We call them the rainforests of the ocean for a reason: coral reefs harbour remarkable diversity and provide shelter for about a quarter of the planet's known marine species. And this week, efforts to preserve these incredibly important ecosystems got a major boost in the US when the country's lawmakers announced new protections for 20 species of coral. 

In response to the growing threats of global warming, disease and ocean acidification, five coral species that occur in Florida and the Caribbean, and 15 in the Pacific, have been classified as 'threatened' under the US Endangered Species Act, a move that promises habitat protections, recovery planning, and crucially, the banning of activities that could jeopardise the corals (like water pollution, dredging, commercial fishing and coastal construction).

The Center for Biological Diversity conservation group has welcomed the new protections, but its also described them as a bitter-sweet victory. "This is a wake-up call that our amazing coral reefs are dying and need federal protection," said Miyoko Sakashita, the Center's oceans director, in a press release. "But there's hope for saving corals and many other ocean animals if we make rapid cuts in greenhouse gas pollution to stop global warming and ocean acidification," she added.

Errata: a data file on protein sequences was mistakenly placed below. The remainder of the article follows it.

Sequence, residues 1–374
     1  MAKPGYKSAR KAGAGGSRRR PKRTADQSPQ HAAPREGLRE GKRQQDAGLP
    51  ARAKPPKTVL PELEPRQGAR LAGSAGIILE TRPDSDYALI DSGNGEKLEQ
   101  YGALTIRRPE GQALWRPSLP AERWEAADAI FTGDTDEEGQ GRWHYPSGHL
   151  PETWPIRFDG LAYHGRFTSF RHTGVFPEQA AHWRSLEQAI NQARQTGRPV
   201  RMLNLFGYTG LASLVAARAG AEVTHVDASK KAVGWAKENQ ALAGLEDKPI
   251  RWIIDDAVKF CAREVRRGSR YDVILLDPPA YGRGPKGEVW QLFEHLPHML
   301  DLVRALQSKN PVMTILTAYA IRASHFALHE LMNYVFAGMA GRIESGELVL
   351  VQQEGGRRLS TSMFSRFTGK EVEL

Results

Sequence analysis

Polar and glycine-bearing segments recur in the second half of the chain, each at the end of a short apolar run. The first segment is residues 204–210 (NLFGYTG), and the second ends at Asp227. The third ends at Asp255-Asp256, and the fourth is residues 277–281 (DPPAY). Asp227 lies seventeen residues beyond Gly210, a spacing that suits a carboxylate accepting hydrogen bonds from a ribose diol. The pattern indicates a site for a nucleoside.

The move is all the more significant because it marks the single-largest protection decision for corals under the Endangered Species Act.

"This decision is a big step forward for corals," said Sakashita. "The world's coral reefs are in crisis from global warming and acidifying oceans, and it’s great news that 20 coral species will get the safety net of [the] Endangered Species Act to help them survive these threats."

You can check out the full list of newly protected corals here ... or you can feast your eyes on this small selection: 

Dendrogyra Cylindrus coral_2014_08_28

Dendrogyra cylinders, also known as pillar coral. Image: Harold Hudson, Wikimedia Commons.

Euphyllia paradivisa_coral_2014_08_28

Euphyllia paradivisa, also known as frogspawn coral. Image: Brian Renken, Flickr

Montipora australiensis coral_2014_08_28

Montipora australiensis. Image: Kim S. Hansen, Flickr

Mycetophyllia ferox coral_2014_08_28

Mycetophyllia ferox, also known as rough cactus coral. Image: FWC Fish and Wildlife Research Institute, Flickr

Acropora lokani coral_2014_08_28

Acropora lokani. Image: Alex Costa, Flickr 

Top header image: NOAA Photo Library, Flickr